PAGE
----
[vlc-devel] [vlc-commits] Remove libvlc_free

Rémi Denis-Courmont remi at remlab.net
Fri May 24 10:02:24 CEST 2019

No. In general, 'extern "C"' won't suffice to preserve the ABI as a whole. It only ensures that the function uses the C calling convention and namespace.

If you run a LibVLC app with an STDC++ ABI that differs from that of dynamically linked VLC C++ plugins, it will crash even now on some platforms. The C++ runtime version is part of the ABI even if none of the function prototypes are C++.

Le 24 mai 2019 08:25:18 GMT+03:00, Steve Lhomme <robux4 at ycbcr.xyz> a écrit :
>On 2019-05-23 17:11, Rémi Denis-Courmont wrote:
>> Le torstaina 23. toukokuuta 2019, 13.57.32 EEST Steve Lhomme a écrit
>>> Here's another one: we could decide to rewrite libvlc in C++ and
>>> the same ABI. Does that mean we would have to forced libvlc hosts to
>>> call "delete psz-str" because we don't feel like keeping
>libvlc_free() ?
>> You would have to keep using malloc() otherwise you would break the
>> ABI 3.0 or 4.0 anyway that says you can use free(). 
>That's indeed a problem. I think the free() option should not have been
>there in the first place. I would rather vote to remove this option.
>For example we could decide that for performance reasons we allocate 
>using aligned_alloc(). On some system that requires an aligned_free(). 
>We cannot do that if we allow free() of a particular runtime.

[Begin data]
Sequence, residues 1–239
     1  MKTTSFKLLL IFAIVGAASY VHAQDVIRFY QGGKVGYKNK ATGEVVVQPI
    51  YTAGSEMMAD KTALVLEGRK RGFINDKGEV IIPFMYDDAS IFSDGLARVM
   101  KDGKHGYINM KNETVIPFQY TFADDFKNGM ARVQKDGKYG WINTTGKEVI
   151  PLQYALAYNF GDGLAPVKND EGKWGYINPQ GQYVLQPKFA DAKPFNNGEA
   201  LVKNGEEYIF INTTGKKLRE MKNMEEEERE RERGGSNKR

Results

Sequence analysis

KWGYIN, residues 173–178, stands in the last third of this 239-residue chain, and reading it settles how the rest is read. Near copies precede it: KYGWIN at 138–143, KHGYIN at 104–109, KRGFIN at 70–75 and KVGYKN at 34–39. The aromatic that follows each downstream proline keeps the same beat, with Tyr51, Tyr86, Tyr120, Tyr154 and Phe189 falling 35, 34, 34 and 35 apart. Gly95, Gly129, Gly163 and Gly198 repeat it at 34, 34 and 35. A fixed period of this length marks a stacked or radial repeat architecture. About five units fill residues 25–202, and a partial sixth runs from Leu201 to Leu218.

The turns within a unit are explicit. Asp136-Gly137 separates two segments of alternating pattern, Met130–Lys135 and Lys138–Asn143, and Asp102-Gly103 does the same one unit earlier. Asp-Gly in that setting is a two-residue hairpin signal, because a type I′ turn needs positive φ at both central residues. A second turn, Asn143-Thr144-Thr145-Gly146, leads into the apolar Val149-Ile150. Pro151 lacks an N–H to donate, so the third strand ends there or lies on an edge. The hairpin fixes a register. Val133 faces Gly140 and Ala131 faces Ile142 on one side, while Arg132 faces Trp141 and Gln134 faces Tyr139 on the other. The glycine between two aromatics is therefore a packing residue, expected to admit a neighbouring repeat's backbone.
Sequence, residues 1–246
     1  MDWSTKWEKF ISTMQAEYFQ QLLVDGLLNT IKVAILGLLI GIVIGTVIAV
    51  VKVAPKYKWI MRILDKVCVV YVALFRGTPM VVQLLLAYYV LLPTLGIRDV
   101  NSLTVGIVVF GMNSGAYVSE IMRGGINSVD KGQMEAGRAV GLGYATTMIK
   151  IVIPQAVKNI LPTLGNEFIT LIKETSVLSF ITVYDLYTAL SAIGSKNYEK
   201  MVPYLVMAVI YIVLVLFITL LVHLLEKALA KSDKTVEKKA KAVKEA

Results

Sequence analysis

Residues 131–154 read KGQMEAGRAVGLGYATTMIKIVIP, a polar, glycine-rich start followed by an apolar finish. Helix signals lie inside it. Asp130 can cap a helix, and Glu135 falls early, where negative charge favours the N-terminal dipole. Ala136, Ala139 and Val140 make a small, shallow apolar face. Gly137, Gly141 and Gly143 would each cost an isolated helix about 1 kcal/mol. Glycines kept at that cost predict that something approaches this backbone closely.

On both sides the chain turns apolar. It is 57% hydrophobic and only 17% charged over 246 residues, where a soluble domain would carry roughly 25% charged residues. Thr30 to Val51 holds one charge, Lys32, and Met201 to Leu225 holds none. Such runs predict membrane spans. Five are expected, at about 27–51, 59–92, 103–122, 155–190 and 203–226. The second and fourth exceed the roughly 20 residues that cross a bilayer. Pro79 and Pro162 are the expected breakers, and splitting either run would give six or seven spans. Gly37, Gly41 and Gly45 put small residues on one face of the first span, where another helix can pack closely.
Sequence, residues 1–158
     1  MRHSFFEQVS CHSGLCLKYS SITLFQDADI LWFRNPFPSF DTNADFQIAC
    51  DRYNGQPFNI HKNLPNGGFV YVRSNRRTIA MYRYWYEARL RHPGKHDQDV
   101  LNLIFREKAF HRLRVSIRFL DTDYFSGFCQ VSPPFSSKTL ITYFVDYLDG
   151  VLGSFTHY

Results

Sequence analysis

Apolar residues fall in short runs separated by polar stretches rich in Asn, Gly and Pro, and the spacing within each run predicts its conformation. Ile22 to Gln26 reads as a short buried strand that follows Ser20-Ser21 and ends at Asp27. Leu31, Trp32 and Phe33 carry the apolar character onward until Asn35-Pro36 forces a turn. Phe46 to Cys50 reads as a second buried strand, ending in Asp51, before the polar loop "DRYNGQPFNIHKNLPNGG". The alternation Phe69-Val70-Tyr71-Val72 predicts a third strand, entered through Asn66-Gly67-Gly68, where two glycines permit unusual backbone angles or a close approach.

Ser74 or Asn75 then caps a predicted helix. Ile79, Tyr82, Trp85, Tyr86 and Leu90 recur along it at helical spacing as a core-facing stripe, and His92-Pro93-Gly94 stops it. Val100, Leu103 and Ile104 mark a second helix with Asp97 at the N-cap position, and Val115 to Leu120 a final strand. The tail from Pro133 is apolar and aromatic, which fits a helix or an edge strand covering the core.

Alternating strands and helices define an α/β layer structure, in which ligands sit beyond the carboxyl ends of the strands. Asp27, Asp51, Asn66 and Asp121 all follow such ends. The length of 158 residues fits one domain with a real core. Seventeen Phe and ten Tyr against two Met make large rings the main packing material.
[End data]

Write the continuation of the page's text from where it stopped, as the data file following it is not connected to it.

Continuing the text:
> >Not only that but delete
>> would bring rather interesting considerations with RTTI.
>> If you want to abstract that away, you need case-specific release
>> like Romain pointed out - not libvlc_free().
>It turns out that in many cases it would not be libvlc_free().
>>> That would force every host app to embed a C++ runtime just because
>>> libvlc happens to be written in C++.
>> That example is absurd. In general, just switching LibVLC to C++
>breaks the
>> ABI. 
>The extern "C" ABI remains the same, even if it's coded in C++
>> Whether it requires the application to have a C++ runtime or not
>> depend on the platform. In many cases, it actually would indeed need
>a C++
>> runtime regardless of libvlc_free().
>Yes, running a C++ libvlc will require a C++ runtime. That doesn't mean
>the libvlc host has to deal with it. Again, in Windows this is hidden 
>when loading the DLL (dunno how .so loading works). There is no reason 
>to force the host to call the C++ delete. Just like there is no reason 
>to force the host to call the C free().
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